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My Dog Swallowed Stuffing from His Toy: Is It Dangerous?

Stuffing from dog toys cannot be digested and may cause your dog harm.

June 6, 2024 4 min read
My Dog Swallowed Stuffing from His Toy: Is It Dangerous?

Modern dog toys are made to be fairly resilient, but when introduced to a rambunctious pup or heavy chewer, fluff can fly. If your dog manages to remove the toy’s stitches, he may access and even eat the soft filling inside. Depending on the size of your pet, a small sample will not usually cause any harm. However, ingesting a larger amount of stuffing could lead to unexpected medical ailments. Let’s discuss whether it’s dangerous if a dog swallows stuffing from a toy, and what to do if you encounter a similar problem.

What Happens If Your Dog Swallows Stuffing?

If your pup recently ate stuffing from his toy, you may be worried about his well-being. However, eating a bit of stuffing isn’t usually a cause for alarm. Most dogs will pass a small amount of the cotton material naturally and you’re likely to discover it in their stool within 10 to 24 hours.

However, small pups or dogs who eat larger amounts of stuffing may encounter difficulty passing the fluff. For example, a large mastiff may pass a handful of fluff without incident, while a small chihuahua who ate the same amount could experience a blockage in his digestive tract that requires surgery to remove.

What are the Signs of a Blockage?

Dogs that consume stuffing should be carefully monitored to ensure that the foreign body passes without incident. Be on the lookout for possible signs that something is amiss, such as:

  • Loss of appetite
  • Diarrhea
  • Vomiting
  • Abdominal pain or tenderness
  • Resting in a downward dog position
  • No stool produced
  • Blood in the stool
  • Excessive drooling

If you notice any of these signs within a day of your pet eating fluff from a toy, contact your vet for guidance. Your vet may recommend an X-ray of the abdomen to determine if there are any obstructions in the digestive tract.

How are Foreign Body Ingestions Treated?

Depending on your pet’s age, size, and symptoms, your vet’s approach to treatment may differ. If your dog recently ate the fluff, your vet may attempt to induce vomiting to get rid of the fluff before it has the chance to move further along the digestive tract. Hydrogen peroxide is commonly used to induce vomiting, although alternative options are available.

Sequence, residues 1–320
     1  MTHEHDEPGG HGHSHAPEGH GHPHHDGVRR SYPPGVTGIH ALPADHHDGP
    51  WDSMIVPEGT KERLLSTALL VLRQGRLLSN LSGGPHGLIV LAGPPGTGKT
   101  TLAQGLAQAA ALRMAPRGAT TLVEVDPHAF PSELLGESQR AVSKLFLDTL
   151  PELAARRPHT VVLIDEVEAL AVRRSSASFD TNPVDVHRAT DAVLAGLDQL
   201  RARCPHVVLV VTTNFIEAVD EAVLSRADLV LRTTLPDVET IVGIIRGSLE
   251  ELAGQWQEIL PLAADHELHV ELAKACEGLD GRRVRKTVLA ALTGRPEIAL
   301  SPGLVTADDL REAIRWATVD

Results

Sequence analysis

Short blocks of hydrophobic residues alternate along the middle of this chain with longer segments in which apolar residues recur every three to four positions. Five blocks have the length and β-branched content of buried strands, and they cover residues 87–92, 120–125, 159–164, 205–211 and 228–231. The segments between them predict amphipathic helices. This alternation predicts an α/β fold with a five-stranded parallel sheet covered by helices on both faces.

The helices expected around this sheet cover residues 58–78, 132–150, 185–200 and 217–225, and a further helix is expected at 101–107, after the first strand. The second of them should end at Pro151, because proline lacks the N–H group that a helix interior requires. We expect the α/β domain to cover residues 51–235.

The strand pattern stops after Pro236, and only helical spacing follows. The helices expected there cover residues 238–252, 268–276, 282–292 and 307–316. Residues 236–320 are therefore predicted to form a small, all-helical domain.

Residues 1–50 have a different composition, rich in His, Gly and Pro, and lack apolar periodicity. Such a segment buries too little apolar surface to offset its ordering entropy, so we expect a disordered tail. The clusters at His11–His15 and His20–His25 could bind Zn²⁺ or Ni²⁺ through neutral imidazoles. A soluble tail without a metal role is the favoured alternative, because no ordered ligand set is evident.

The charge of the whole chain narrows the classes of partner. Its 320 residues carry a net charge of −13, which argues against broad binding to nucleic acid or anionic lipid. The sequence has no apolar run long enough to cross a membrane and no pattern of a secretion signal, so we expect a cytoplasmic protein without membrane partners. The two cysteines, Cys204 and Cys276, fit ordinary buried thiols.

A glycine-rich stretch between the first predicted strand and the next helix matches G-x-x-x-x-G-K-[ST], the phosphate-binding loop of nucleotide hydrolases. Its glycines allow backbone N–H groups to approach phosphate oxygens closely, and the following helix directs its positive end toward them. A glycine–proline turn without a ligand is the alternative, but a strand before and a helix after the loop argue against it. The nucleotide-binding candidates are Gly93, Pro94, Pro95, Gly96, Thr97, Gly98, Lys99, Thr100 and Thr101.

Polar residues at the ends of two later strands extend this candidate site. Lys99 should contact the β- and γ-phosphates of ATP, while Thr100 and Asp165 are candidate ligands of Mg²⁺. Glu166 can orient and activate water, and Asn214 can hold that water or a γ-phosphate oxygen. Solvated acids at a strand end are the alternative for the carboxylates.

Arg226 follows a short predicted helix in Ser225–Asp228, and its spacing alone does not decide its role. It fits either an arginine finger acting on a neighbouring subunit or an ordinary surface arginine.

Once the fluff has lodged in the intestines, more invasive treatment may be needed to remove the obstruction. Many vet hospitals now offer endoscopy services, which is a less invasive way to diagnose and remove foreign bodies from the stomach.

However, if the blockage has been there for an extended period of time, the fluff may need to be surgically removed. To help your dog recover, your vet may recommend fluid therapy, antibiotics, anti-nausea medications, and pain relievers.

How Can I Prevent My Dog from Eating Fluff?

Finding out that your dog has ingested fluff can be scary, and you likely won’t want it to happen again. Fortunately, there are things you can do to avoid this situation in the future.

Start by selecting only dog-approved treats and toys. This means toys and stuffed animals that are made exclusively for dogs, rather than human children. Choose a toy size that is appropriate for your dog’s size to avoid a choking hazard.

Next, pay attention to your dog’s chewing habits. Some dogs enjoy gentle nibbling or suckling while keeping the stuffed toy fully intact. Others can be more aggressive chewers and will quickly remove the stuffing from a toy, as well as other internal components like squeakers. Always supervise your pet while they’re chewing and take the toy away if any stuffing is exposed.

If your dog continually pulls stuffing from toys, consider an alternative that is less likely to be dangerous to your pet’s health. Some stuffed dog toy alternatives include:

  • Puzzle toys – Puzzle toys provide your dog with a mental and physical challenge that can range from easy to more difficult. Start with easier puzzles and progressively make them more challenging.
  • Teething toys – If you have a young pup, he may be chewing due to the uncomfortable teething process. Choose dog toys that will help relieve his sore gums and teething pain.
  • Lick mats – Providing your pet with a lick pad can help curb boredom and give your pet an activity to focus on that’s not destructive. It also doubles as a way to help your pet slow down when eating.
  • Treat-dispensing balls – If your pet is food-motivated, having a ball that dispenses treats on its own can be a great alternative to stuffed toys. There are also other treat-dispensing toys on the market, such as Kongs.

To prevent your dog from eating fluff, you’ll also want to ensure that he knows basic commands. Work on important commands, such as “leave it,” to allow you to remove potentially dangerous toy components when necessary. Also, put stuffed toys in a safe, inaccessible place when you’re not home to prevent your dog from ingesting fluff when you’re not around to supervise.

When to Contact a Vet After a Dog Eats Fluff

If you discover that your dog has eaten fluff from a toy, don’t panic. Contact your vet to determine if the situation requires professional intervention. Promptly addressing the issue can help ensure that your pet recovers quickly and without long-term effects.

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